However, if an illustration was originally licensed for use on a business card for example, but once it was done you liked it so much that it was rolled out on a range of merchandise to sell, there would justifiably be an issue! The best approach is to be upfront with the illustrator, check what was included on the original licence and if it’s not included discuss it with them before going ahead and using it elsewhere.
We’d like to own the rights to the illustration...
By law, the copyright of an illustration rests with the illustrator. In commissioning an illustration you would be granted rights to use that illustration for the agreed purpose/s via an illustration licence, and assuming the licence you have covers all your required usage, really there is no need for you to own the copyright.
Illustrators are strongly advised not to sign over copyright to their work, as it is not in their best interests to do so. This is because it relinquishes any control over where and how their illustration work may be used, changes can be made to it without their approval, and it removes any right they have to reproduce the work, in a portfolio for example.
If an illustrator does decide to sell the copyright for an illustration it is called a copyright assignment and this should be put into writing. The fee for a copyright assignment would justifiably be very high to reflect the fact that it gives the owner the exclusive right to reproduce the image (or sell on to allow others to reproduce it) in any way throughout the world for the period of copyright (which is the lifetime of the creator + 70 years).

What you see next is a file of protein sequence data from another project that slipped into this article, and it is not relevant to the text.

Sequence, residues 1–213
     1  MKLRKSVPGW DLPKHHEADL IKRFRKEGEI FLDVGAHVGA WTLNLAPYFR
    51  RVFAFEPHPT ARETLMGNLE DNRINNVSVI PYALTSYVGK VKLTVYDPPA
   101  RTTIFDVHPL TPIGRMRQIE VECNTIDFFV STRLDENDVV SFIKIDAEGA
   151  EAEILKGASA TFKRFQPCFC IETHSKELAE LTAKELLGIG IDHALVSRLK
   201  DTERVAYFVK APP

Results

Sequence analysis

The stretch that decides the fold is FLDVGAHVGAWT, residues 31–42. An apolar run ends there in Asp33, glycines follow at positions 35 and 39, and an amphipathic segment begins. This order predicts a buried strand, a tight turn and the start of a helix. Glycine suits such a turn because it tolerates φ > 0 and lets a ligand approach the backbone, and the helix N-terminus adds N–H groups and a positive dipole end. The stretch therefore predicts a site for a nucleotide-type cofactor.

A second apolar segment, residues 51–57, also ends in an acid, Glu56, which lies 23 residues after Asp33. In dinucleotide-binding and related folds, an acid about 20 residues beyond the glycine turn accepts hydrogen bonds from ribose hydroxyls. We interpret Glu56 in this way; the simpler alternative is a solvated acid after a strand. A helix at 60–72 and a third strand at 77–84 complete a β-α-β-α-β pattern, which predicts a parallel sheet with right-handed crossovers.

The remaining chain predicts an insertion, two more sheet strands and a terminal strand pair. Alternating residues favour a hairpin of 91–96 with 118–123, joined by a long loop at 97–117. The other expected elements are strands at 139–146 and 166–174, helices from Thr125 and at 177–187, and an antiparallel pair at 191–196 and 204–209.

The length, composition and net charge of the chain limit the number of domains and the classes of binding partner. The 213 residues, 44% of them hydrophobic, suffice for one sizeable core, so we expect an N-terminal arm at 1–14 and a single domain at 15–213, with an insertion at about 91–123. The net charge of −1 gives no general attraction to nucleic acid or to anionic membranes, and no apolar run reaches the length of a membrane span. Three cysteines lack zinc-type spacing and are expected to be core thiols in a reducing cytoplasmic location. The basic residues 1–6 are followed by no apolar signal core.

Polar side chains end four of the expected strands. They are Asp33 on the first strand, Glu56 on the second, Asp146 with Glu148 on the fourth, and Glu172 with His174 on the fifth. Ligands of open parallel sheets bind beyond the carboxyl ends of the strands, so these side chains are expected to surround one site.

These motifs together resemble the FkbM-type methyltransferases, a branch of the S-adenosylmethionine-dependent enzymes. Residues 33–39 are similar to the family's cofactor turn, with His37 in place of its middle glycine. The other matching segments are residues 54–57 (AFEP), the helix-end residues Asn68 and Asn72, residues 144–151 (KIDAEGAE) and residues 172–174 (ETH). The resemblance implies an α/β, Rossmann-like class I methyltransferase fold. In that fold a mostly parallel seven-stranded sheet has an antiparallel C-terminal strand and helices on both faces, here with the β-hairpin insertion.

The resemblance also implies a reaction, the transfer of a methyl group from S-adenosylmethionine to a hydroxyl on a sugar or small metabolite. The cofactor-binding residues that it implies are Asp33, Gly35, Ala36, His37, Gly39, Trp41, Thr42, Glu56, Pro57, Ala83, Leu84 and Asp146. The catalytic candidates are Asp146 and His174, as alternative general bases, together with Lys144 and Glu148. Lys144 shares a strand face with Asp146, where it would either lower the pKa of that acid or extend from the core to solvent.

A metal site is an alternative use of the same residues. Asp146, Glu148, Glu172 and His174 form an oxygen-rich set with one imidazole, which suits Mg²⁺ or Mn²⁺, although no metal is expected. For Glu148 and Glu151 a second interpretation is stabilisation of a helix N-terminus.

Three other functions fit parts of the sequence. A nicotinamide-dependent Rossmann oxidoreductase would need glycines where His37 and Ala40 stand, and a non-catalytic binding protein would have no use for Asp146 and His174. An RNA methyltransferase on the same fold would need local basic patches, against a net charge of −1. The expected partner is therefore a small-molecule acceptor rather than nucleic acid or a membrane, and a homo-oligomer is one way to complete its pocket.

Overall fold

I hope that this has provided a good overview? As I see it, the issue of illustration licensing should not be overly complicated, or be seen as a problem that needs to be overcome. It’s more about being open and honest from the outset and making sure everyone is on the same page. The intention is to provide transparency for all, rather than being a way for the illustrator to catch you out later.
The points discussed generally relate to straight forward licensing of illustration, directly between an illustrator and client, as this is what I mainly have experience of. For the licensing of illustration for some specific purposes - such as for animation or where the illustration is a key element on a product to be sold (a greeting card or T-shirt, for example) - there may be some other particular considerations to be taken into account. These should be discussed with the illustrator you are working with.
If you are a small business/organisation (or anyone else!) and unsure about any other aspects relating to illustration licensing I'd be really interested to hear from you - I may be able to offer some help or advice, or consult with the AOI for clarification. I appreciate licensing can be a tricky thing to get your head around, particularly if you haven't worked with an illustrator before. Feel free to email me with any questions.
Let’s not make licensing an issue!
From my perspective as a professional illustrator, I would always hope to be approachable and fair and to be able to reach a workable licence agreement that fits my clients needs, whilst also paying me fairly for my work. It shouldn’t be that the licensing gets in the way of the actual illustration… which is the fun bit, right?